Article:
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Date: Tue, 12 Aug 2014 09:04:39 +0200
From: Jens Gustedt <>
Subject: Re: Explaining cond var destroy [Re: C threads, v3.0]


Am Montag, den 11.08.2014, 22:50 -0400 schrieb Rich Felker:
> On Sat, Aug 09, 2014 at 08:47:34AM +0200, Jens Gustedt wrote:
> > > Any further thoughts on the matter? I think we should finish the
> > > private futex support task before starting on this, so that we don't
> > > do new work that's going to conflict with a pending patch.
> > 
> > This looks promissing, but I yet don't know enough about these less
> > common futex operations to comment more on it.
> You may want to see my comments here which relate to it:

thanks for the pointer, I also read up on the subject a bit in the
mean time.

> > Generally I think that the control structures should be as tight as
> > possible, give provable properties in the mathematical sense. The
> > interaction between user- and kernelland should be minimal, and we
> > shouldn't provoque reactions of the kernel that concern threads (or
> > even process) that are not really targetted. 
> The former (provable properties) is definitely a goal we should not
> deviate from. But I don't think the current spurious futex wakes
> conflict with that goal.
> The latter (not provoking reactions in untargetted threads) is a
> desirable goal, but not if it conflicts with more important goals like
> avoiding unnecessary allocation (actually, I don't think it's possible
> to solve the problem with allocation; I think an additional layer of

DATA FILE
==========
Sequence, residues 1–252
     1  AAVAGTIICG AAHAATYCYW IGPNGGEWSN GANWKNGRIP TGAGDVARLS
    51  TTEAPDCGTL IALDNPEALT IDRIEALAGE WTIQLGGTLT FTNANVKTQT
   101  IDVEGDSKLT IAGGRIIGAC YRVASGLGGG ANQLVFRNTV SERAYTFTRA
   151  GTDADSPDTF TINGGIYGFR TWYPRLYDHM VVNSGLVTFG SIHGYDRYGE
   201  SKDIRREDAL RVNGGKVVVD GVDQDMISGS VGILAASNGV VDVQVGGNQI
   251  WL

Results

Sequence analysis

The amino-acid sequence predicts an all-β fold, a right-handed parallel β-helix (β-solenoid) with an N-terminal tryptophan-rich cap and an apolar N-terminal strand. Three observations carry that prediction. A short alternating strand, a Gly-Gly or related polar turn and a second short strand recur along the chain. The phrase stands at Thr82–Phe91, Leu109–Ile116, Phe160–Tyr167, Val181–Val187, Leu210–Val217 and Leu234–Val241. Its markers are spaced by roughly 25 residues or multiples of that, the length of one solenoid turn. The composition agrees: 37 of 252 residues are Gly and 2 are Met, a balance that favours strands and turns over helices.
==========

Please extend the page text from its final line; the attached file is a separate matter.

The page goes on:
> allocation just makes it worse), fail-safety, performance, etc.

Did you have a chance to look into my recent implementation of C
threads that I attached to my last post? In particular in
cnd_broadcast you see the advantages, I think:

 - cnd doesn't have to do bookkeeping for the threads waiting on the
   condition, the kernel bookkeeping is used for that

 - threads that had to go into futex wait only touch the temporary
   structure and this only for the reference count

 - a tight spinlock clearly defines the ordering of the cnd_t

> On the other hand, I think it's going to be possible to get both
> without sacrificing anything, and moreover I think we can even, if we
> want to, provide guaranteed mutex acquisition order (whatever order
> the kernel gives, which is probably fifo or fifo within priority
> levels). I'll write up the concept for the latter in case there's
> interest in doing it. It might avoid the problem even without using

I think so, too. Perhaps we should work it from both ends. I will now
try to avoid the need for allocation.


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